ailanthus altissima mill swingle

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tree-of-heaven Ailanthus altissima (P. Mill.) Swingle is a joint project of The University of Georgia - Warnell School of Forestry and Natural Resources, College of Agricultural and Environmental Sciences - Dept. of Entomology, The Center for Invasive Species and Ecosystem Health, USDA Animal and Plant Health Inspection Service, The US Forest Service, USDA Identification Technology Program, USDA National Institute of Food and …

Ailanthus altissima - Bugwoodwiki

Ailanthus glandulosa (P. Mill.) Swingle. Common Names. tree-of-heaven, tree of heaven, ailanthus, copal tree, stinking shumac, varnish tree, Chinese sumac, paradise-tree. Overview Appearance Ailanthus altissima is a rapidly growing, typically small tree up to 80 ft. (24.4 m) in height and 6 ft. (1.8 m) in diameter. It has large leaf scars on ...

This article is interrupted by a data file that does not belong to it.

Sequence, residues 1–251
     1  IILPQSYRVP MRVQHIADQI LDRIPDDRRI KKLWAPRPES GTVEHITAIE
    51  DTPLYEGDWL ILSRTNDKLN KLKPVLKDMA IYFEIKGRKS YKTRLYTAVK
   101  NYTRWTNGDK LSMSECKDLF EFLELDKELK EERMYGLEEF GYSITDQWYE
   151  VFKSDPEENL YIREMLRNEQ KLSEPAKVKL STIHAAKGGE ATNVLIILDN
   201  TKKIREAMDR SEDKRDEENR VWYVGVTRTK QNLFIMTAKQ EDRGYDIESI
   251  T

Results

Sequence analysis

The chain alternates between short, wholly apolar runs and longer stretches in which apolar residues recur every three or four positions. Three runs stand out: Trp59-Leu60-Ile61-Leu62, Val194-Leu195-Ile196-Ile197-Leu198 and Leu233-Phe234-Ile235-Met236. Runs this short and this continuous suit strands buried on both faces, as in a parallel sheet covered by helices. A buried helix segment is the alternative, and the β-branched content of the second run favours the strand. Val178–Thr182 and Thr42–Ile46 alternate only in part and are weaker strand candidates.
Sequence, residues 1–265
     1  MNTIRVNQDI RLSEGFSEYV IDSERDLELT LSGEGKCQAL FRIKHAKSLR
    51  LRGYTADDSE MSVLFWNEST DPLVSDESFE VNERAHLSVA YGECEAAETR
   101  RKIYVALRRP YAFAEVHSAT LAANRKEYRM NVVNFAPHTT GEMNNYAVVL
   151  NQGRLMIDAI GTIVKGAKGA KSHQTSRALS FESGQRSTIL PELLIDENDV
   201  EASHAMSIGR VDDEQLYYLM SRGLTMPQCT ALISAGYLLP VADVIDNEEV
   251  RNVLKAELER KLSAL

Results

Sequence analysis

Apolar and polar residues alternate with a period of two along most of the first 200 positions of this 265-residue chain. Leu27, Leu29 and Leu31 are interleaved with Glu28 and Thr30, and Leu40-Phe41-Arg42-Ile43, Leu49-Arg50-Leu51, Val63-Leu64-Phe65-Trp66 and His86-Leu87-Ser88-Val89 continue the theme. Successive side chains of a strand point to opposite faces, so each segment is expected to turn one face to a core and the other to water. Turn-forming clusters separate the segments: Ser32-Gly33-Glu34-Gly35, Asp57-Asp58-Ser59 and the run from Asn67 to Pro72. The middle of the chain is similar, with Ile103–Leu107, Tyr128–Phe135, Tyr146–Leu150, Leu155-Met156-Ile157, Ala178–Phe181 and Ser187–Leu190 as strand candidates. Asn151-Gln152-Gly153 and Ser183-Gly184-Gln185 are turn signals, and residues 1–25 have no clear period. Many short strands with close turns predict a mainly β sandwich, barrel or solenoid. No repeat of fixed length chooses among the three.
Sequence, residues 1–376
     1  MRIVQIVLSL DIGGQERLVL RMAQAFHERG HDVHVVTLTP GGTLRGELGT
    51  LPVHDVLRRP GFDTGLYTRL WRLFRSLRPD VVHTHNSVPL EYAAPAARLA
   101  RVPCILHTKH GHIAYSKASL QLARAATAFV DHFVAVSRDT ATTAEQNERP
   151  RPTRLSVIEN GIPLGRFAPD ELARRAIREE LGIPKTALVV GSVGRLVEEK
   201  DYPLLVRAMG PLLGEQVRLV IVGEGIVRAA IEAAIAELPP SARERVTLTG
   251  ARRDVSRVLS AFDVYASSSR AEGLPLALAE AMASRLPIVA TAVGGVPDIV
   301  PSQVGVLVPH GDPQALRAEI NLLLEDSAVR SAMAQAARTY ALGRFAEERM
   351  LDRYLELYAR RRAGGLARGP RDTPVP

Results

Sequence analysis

Ailanthus altissima (Mill.) Swingle –

Jun 12, 2018· Ailanthus altissima is a fast-growing, light demanding and thermopile pioneer tree species. It grows best on nutrient-rich soils and is very tolerant to dryness and air or soil pollution. ... Distribution map of Ailanthus altissima (Mill.) Swingle in …

Ailanthus altissima - Species Page - ISB: Atlas of Florida ...

The Atlas of Florida Plants provides a source of information for the distribution of plants within the state and taxonomic information. The website also provides access to a database and images of herbarium specimens found at the University of South Florida and other herbaria.

Ailanthus altissima (Mill.) Swingle | Plants of the World ...

This species is accepted, and its native range is China.

Ailanthus altissima (Mill.) Swingle — The Plant List

40 rows· Ailanthus. Ailanthus altissima (Mill.) Swingle; Ailanthus altissima (Mill.) Swingle is an …

Ailanthus altissima/NJ - Bugwoodwiki

General Description • Weedy sapling which rapidly grows to a large deciduous tree (up to 80 feet) • Foliage has an odor which some identify as rancid peanut butter.

Ailanthus altissima (Mill.) Swingle